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Looking to spice up your portfolio with some exotic international flavors? Or are you just on the hunt for some bargain basement securities? Read below to learn about over-the-counter (OTC) stocks and how to buy these unusual offerings on the Robinhood app.
What are OTC stocks?
OTC stocks got their name because they do not trade on mainstream exchanges such as the NYSE or NASDAQ. They are sold “over the counter” on what are called Pink Sheets. OTC stocks are often incorrectly associated synonymously with penny stocks. While many OTC stocks are penny stocks (trading under $5 per share), not all OTC stocks are penny stocks, nor are all penny stocks OTC stocks.
Different Categories of OTC Stocks
OTC stocks available to US investors generally break into three types of categories:
- Penny stocks – To learn more about penny stocks, read our guide to buying penny stocks on Robinhood.
- International stocks – Many large international companies list on their home market but choose to forego the regulatory scrutiny that comes with listing on a major US market and choose to list their shares on the Pink Sheets as an alternative. Many name brand international companies including Nestle and Softbank have chosen this route.
- Delisted Stocks – Some companies run afoul of a major exchange for various reasons and get delisted from the exchange that housed their shares. This is often but not always a sign of major financial trouble and will usually result in the stock joining the penny stock group listed above.
Risks of OTC stocks
Like with penny stocks, trading OTC stocks come with some unique risks. The main risk market experts point to is that because they are not associated with an exchange, OTC stocks are less regulated and may engage in accounting practices that are not standardized among large, mainstream US stocks.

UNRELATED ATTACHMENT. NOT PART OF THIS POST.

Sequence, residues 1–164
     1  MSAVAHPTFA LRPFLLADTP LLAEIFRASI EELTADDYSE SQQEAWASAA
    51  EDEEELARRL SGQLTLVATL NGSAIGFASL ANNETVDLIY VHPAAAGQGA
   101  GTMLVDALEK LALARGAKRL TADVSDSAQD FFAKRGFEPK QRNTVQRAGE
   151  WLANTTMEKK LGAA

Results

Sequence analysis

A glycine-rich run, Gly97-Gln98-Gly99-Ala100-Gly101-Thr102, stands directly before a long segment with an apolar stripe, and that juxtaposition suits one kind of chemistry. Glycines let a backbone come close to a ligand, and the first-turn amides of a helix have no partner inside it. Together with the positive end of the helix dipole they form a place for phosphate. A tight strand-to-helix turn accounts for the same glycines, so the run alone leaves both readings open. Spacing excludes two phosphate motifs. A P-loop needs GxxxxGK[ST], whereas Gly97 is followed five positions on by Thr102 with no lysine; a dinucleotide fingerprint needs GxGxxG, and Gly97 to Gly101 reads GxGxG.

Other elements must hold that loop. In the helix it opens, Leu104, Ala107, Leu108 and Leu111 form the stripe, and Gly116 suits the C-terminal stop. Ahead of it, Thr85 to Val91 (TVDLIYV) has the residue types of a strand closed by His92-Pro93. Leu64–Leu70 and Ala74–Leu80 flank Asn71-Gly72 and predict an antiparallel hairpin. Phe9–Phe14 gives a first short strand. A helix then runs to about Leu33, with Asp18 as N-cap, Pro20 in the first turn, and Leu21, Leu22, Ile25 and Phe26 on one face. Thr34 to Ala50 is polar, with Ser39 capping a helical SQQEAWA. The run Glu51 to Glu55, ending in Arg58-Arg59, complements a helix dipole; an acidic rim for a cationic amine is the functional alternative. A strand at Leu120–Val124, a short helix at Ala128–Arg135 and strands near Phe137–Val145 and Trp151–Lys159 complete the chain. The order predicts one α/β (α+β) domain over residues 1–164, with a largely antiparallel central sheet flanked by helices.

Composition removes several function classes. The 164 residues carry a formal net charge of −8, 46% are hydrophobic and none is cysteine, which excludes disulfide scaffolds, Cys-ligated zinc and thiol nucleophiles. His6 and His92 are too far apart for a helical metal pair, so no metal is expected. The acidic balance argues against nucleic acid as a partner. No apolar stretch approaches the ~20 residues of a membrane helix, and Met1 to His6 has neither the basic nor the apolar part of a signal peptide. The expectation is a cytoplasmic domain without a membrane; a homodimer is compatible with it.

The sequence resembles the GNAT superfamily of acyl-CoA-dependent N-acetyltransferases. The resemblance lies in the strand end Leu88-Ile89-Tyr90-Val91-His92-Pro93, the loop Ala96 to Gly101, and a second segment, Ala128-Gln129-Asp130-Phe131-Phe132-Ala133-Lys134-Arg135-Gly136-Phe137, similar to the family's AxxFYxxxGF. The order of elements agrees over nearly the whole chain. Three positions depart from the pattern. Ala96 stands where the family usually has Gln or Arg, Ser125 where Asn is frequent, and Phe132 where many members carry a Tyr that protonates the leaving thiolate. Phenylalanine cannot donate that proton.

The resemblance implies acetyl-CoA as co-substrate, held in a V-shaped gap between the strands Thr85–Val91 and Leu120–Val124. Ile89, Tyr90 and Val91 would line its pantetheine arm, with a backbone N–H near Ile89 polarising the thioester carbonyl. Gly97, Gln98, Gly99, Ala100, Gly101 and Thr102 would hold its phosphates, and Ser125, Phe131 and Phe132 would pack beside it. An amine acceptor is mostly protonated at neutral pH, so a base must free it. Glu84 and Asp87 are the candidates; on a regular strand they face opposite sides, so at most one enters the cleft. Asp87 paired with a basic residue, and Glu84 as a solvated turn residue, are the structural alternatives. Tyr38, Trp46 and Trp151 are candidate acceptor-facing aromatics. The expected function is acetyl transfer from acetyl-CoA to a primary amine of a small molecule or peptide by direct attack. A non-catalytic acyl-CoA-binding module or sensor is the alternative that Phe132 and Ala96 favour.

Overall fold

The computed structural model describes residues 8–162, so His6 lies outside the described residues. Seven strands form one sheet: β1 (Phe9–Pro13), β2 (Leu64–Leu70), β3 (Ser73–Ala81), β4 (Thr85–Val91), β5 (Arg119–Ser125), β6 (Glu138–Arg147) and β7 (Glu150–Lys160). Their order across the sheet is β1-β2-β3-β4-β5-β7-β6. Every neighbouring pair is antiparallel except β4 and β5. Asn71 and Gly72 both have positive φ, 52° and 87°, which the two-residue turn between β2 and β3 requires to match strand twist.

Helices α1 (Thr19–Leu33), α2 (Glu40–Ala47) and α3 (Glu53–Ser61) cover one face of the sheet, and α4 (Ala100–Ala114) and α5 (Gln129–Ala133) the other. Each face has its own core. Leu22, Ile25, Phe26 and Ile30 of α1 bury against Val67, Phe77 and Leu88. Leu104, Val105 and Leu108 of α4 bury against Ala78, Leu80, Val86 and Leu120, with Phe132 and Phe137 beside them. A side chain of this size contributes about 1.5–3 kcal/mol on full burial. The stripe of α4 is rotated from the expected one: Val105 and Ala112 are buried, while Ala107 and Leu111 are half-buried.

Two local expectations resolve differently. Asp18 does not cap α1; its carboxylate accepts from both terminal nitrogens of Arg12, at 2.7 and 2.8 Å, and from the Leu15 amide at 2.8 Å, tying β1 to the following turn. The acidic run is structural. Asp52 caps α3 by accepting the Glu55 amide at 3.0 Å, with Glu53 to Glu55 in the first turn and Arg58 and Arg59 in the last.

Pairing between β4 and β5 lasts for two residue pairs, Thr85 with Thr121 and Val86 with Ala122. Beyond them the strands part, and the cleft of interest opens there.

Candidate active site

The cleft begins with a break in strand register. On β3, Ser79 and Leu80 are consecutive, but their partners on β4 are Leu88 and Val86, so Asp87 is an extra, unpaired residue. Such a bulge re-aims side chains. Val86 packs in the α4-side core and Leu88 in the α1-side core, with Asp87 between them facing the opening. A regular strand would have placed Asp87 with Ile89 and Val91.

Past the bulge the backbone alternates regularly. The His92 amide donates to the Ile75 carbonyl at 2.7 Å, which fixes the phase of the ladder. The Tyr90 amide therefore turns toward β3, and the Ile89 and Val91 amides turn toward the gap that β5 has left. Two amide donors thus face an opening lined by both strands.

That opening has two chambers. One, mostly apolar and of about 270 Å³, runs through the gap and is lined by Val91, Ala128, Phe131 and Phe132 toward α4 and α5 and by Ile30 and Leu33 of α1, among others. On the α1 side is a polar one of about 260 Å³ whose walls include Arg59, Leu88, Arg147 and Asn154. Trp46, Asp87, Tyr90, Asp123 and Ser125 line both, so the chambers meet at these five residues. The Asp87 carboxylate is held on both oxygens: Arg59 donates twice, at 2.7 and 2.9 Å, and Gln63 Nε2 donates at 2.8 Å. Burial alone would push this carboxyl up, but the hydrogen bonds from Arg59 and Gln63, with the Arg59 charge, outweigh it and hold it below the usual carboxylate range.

Additional risks include a lack of liquidity. Most OTC shares are thinly traded, meaning that it might be difficult to sell shares at the listed price, resulting in slippage.
Another risk involves international investing. If you are buying an OTC stock of a foreign company, you have to factor in risks unique to that country’s market, corporate governance practices and currency. This is especially true of stocks in emerging markets such as China, Brazil, India and Russia.
Finally, if the OTC stock you are buying is considered a penny stock (trading at under $5 per share) then consider the additional myriad risks of these securities that we laid out in this article.
Notable OTC stocks on Robinhood
Robinhood has made great progress in giving investors access to a wide variety of OTC stocks including some notable international brands. Below are some examples of notable OTC stocks you can purchase on Robinhood (please note: the below list is not to be construed as a recommendation; you should do your own due diligence on any investment before buying it).
- Nestle – If you need proof that not all OTC stocks are penny stocks look only at the famous European consumer staple group, whose OTC shares currently trade at $112 at the time of writing.
- Tencent – Robinhood also makes the Chinese internet giant’s OTC shares available to US investors.
- Softbank – The Japanese software group has been in the news for its sizable investments in the likes of WeWork and Uber.
How to find OTC stocks on Robinhood
If you’re looking to buy name brand international companies such as the ones listed above, a good approach is to search on your Robinhood app through the collections feature. Robinhood groups together stocks by region so you can search for “Europe” or “Asia” to pull up a large list of these types of companies. Keep in mind however, that many international stocks listed in these groups will actually trade on US exchanges and not be listed as OTC stocks. A good tell on whether or not the stock you are looking at is an OTC stock is the ticker: most international OTC stocks will have a five letter ticker, such as the ones listed above, or in the example of Japanese video game maker Nintendo.
If you’re more interested in finding American OTC penny stocks, check out our guide on how to find them on Robinhood.
Alternatives to Buying OTC Stocks on Robinhood: Local Exchange Brokers
While there is nothing inherently wrong about buying OTC stocks, they do have unique risks that are not all present in the listed versions of their shares (the version of the stock that trades and is regulated on their home country’s market). If you are interested in going beyond dabbling in these companies, consider opening an account with a broker that offers direct local market access.
Interactive Brokers is one such example that offers investors access to most major local markets throughout Europe, Asia and the Americas. Holding shares on the local market may potentially offer investors some added protections that are not available to holders of the OTC shares.
For small purchases of international OTC stocks to diversify your portfolio, Robinhood is a fine choice.